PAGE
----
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Bomb Shelter by Mary Laura Philpott

Bomb Shelter

by Mary Laura Philpott

Quick take

This witty, warm collection highlights a family coming together and growing stronger as they face a son’s epilepsy.

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    Fast read

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  • Illustrated icon, Icon_MamaDrama

    Mama drama


A lifelong worrier, Philpott always kept an eye out for danger, a habit that only intensified when she became a parent. But she looked on the bright side, too, believing that as long as she cared enough, she could keep her loved ones safe.

Then, in the dark of one quiet, pre-dawn morning, she woke abruptly to a terrible sound—and found her teenage son unconscious on the floor. In the aftermath of a crisis that darkened her signature sunny spirit, she wondered: If this happened, what else could happen? And how do any of us keep going when we can’t know for sure what’s coming next?

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Free sample

Get an early look from the first pages of Bomb Shelter.

Why I love it

One day in my middle school years, I walked past the bathroom I shared with my little brother and he was shaking in a strange way. I thought it must be a prank so I gave him a light, playful shove. But then he fell into our bathtub and kept shaking. Not long after that my brother would be diagnosed with pediatric epilepsy. He would eventually grow out of his seizures and we can now laugh about that day, but for many years he and my family lived in fear that he might collapse in a fit of shakes and not have someone around to help. So imagine my shock on my first encounter with Mary Laura Philpott’s new essay collection, Bomb Shelter... Here was the experience of my family and millions of others related with startling lucidity but also humor and wisdom.

Like Philpott’s previous collection, this is a roving book possessed of a warm heart and lots of curiosity. Not all of the essays are directly about her son and his epilepsy, but each is animated by that sense of life’s inherent fragility that the illness can often put in sharp relief. Some of the informative and often quite funny topics Philpott covers along this journey include adolescent reading habits, “world turtle theory,” Camp David, and how to spatchcock turkey. There really is something here for every reader.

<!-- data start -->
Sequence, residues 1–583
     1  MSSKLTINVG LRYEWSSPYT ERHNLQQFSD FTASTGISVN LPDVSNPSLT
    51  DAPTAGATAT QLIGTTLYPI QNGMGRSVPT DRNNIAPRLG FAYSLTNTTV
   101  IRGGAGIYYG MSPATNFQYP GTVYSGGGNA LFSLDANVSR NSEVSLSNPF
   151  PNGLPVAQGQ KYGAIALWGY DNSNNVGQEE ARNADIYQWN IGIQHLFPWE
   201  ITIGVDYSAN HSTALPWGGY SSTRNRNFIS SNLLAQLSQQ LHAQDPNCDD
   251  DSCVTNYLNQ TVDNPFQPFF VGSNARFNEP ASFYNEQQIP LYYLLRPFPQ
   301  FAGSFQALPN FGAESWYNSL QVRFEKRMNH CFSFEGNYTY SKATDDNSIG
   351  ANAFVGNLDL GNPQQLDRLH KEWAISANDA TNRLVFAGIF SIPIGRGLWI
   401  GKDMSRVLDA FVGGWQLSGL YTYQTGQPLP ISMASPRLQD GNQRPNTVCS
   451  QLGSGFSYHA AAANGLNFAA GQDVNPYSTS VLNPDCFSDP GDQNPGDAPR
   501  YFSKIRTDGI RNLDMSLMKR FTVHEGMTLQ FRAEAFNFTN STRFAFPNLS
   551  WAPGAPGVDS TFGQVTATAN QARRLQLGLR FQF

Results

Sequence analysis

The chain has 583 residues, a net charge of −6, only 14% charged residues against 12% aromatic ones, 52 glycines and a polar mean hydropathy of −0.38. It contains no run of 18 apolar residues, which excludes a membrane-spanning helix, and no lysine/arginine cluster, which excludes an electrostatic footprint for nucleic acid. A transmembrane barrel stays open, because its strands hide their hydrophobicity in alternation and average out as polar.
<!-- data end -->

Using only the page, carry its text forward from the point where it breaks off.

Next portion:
My personal connection to Bomb Shelter aside, I must also take a moment to shout out its unique and engaging language with all of the hallmarks of its author’s signature style. Philpott has an uncanny eye for the strangeness lurking in everyday life. So go add this book to your box and let yourself be led by one of our most compelling literary guides!

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Member ratings (1,105)

  • Renee W.

    Pittsburgh, PA

    Literally full of truth bombs. I loved the authors voice, her wit and how she described her world. Many times I was shaking my head saying, yes.. exactly… and… me too. I loved it from beginning to end

  • Amanda M.

    Waynesboro, PA

    So so good!! Deep without being cheesy or trying too hard. I can relate to Philpott so much. Thoroughly enjoyed this read! Even if you’re not a parent, you’ll enjoy this if you like thoughtful books.

  • Mariah F.

    Science Hill, KY

    Are you a bit neurotic? This book is for you! Her honesty about her positive and negative experiences as a mother are deeply moving, but also funny. We have to laugh sometimes; a lot of times, really.

  • Angela C.

    Eagle Mountain, UT

    I don't really like memoirs—unless it's an essay collection. Essays feel much more universal and relatable to me, and I like the vignette style of reflecting on life. This collection is excellent.

  • Victoria Z.

    Philadelphia, PA

    I truly didn’t expect to love this book as much as I did. The author tells stories about her life and parenting and living in general that are so relatable and well written. Excellent book.